At the divorce trial, the primary issue was who should have conservatorship of the eight kids. The parents and a counselor who prepared a social study testified. The father argued there was credible evidence showing that the mother had a history of past or present physical abuse against him and that the lower court was prevented from appointing him and the mother as joint managing conservators. The father also argued the lower court should appoint him sole managing conservator. Alternatively, he argued the lower court should appoint him joint managing conservator with exclusive right to determine their primary residence.

The mother argued that the lower court wasn’t prevented from appointing her and the father as joint managing conservators. The mother also argued that the lower court should appoint her the joint managing conservator with exclusive right to decide the primary residence.

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In a recent Texas appellate case, a wife appealed from a final divorce decree that incorporated the terms of the couple’s mediated settlement agreement. After she and her husband entered into the agreement, she asked the trial court to set it aside.

The couple had married in 1997 and had no kids. They decided to divorce in 2015 and mediated their differences. They signed an agreement dividing up their property and debts, but it was contingent on a short sale of a house they owned. The husband was awarded the interest in the property, and the wife had to sign certain documents. She would be paid a portion of the proceeds from the sale. Meanwhile, the husband got all of the interest in their two trusts.

A few weeks later, the wife tried to withdraw, and the trial court granted the motion. The husband asked the court to sign a final divorce decree, while the wife tried to quash the agreement. The husband asked a receiver to be appointed, claiming that the wife refused to sign the papers in order to facilitate the property sale.

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McClure Law Group, PC is proud to announce that both partners, Robert Epstein and Francesca Blackard have been voted by their peers as Texas Rising Stars for 2017 in Super Lawyers Magazine and Texas Monthly Magazine. Only 2.5% of attorneys in Texas receive this noteworthy distinction of a Texas Rising Star.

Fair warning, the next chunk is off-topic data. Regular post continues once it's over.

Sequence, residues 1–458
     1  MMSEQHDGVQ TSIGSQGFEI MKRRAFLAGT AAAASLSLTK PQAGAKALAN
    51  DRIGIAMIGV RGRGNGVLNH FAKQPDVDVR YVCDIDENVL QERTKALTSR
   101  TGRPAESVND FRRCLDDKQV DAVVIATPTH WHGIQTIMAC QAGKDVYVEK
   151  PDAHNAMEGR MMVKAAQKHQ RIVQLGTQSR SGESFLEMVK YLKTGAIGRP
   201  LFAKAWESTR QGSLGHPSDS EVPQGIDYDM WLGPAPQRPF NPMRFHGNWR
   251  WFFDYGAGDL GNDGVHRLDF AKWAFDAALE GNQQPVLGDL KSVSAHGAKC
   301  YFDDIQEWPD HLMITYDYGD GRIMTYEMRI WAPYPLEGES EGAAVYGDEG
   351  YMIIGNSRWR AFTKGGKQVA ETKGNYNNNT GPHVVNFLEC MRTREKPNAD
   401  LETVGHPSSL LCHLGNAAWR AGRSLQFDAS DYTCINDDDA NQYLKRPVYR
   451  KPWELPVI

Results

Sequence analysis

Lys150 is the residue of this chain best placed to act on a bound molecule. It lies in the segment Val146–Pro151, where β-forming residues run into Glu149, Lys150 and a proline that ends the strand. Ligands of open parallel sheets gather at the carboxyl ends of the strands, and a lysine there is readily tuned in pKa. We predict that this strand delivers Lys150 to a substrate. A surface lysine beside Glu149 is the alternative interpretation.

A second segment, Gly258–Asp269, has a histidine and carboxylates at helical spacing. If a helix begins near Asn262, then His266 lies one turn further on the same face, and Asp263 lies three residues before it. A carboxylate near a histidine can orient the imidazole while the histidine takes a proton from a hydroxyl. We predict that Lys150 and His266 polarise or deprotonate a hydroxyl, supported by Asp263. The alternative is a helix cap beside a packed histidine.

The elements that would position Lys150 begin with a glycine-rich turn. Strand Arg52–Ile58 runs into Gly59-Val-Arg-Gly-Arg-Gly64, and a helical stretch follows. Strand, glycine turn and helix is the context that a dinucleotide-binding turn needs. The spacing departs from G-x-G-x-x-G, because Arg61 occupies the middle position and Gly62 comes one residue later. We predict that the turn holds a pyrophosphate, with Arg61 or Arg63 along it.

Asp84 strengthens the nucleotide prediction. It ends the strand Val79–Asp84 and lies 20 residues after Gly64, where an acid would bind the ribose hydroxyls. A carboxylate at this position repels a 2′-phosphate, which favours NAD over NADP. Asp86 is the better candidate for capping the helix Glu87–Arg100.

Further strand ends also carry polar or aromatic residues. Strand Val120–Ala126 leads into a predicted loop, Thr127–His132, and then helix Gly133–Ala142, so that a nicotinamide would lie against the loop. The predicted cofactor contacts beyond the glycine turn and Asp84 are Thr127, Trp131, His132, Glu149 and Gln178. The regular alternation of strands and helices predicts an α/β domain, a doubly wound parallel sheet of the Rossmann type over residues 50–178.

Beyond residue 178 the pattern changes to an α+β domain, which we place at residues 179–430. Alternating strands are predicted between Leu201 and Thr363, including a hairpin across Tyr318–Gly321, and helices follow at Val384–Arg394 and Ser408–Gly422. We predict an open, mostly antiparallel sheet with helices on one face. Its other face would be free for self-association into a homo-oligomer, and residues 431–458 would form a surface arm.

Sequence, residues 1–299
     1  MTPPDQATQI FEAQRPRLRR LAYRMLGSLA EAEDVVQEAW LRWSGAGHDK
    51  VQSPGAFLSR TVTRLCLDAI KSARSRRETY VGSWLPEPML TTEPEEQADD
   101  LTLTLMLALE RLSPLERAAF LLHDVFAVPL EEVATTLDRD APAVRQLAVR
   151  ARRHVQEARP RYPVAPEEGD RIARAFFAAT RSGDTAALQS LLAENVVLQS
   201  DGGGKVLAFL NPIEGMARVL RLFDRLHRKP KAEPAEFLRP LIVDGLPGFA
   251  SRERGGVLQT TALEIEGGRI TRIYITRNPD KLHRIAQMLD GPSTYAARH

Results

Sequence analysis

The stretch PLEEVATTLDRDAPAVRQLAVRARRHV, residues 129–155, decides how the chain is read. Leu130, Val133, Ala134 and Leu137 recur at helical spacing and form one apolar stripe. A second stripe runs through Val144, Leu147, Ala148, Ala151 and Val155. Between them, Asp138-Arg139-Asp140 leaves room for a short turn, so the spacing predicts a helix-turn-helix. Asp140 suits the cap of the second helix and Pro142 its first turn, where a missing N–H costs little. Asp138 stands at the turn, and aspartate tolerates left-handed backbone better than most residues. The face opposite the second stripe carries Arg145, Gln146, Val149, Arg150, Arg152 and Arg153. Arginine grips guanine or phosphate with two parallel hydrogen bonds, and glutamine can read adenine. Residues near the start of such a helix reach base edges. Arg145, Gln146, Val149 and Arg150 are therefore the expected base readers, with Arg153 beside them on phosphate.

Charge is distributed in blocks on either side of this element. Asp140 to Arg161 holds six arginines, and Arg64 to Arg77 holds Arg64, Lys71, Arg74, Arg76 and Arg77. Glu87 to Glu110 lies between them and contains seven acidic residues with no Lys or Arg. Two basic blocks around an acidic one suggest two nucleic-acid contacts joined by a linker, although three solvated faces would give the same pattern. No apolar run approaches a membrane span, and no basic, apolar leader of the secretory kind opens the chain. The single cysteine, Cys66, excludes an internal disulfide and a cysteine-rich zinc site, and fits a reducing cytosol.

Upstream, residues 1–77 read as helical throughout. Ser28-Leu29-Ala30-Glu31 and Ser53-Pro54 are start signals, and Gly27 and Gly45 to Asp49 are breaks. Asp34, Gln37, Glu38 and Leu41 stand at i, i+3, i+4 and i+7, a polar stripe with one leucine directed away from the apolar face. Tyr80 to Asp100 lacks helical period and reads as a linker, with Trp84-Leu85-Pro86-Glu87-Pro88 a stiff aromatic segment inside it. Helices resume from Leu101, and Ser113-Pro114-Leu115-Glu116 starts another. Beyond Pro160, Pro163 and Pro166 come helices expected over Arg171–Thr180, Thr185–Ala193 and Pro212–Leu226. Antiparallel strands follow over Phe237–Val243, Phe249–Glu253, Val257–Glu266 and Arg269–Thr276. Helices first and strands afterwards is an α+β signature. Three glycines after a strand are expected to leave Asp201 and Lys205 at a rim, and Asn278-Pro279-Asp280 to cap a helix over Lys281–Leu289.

The attorneys are nominated by other attorneys in the state, making this an exceptional designation as they are recognized by their legal peers. At McClure Law Group, PC we strive for excellence and are proud to have both partners applauded for their hard work and dedication to our clients.

For more information on these two partners, you can access their bios by clicking here: Robert Epstein :: Francesca Blackard

 

For any of you Gossip Girl fans or parents of Gossip Girl fans, you probably remember Serena van der Woodsen’s mother, Lily van der Woodsen. Her real name is Kelly Rutherford, and her life is just as dramatic as the scenes of the popular TV show.

Rutherford’s marriage to Daniel Giersch in August 2006 has led to all sorts of personal trouble for her. They had their first son Hermes in October 2006. In 2008, she was pregnant again with their second child, but ended up filing for divorce from Daniel  in December of the following year. Their child, Helena, was born a few months after the date of filing. Since then, Kelly and Daniel have been in a seriously heated custody battle. Things took a major change in the divorce suit when in April 2012, Kelly’s attorney allegedly leaked information concerning Daniel’s improper business activity in the United States…which got him deported. Custody win for Kelly? Think again.

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Perhaps the most frequent questions we encounter from clients shortly after filing for divorce are “How long is this going to take?” and “What happens next?”  Of course the answer to these questions depend upon Continue Reading ›

Last month was an exciting one for Texas family law attorneys.  During this year’s legislative session, our friendly representatives down in Austin had their hands full with a number of new bills that sought to alter significant portions of the family law landscape.

There were three bills that passed their way through a House committee but ultimately were voted down after strenuous lobbying by the Texas Family Law Foundation.  The first bill that was voted down was HB 4093, which sought to repeal section 6.001 of the Texas Family Code.  Section 6.001 provides that “the court may grant a divorce without regard to fault if the marriage has become insupportable because of discord or conflict of personalities that destroys the legitimate ends of the marital relationship and prevents any reasonable expectation of reconciliation.”  Had HB 4093 passed and been signed by Governor Abbott, parties seeking divorce would have to prove another valid ground for divorce, including adultery, cruelty, living apart, or abandonment.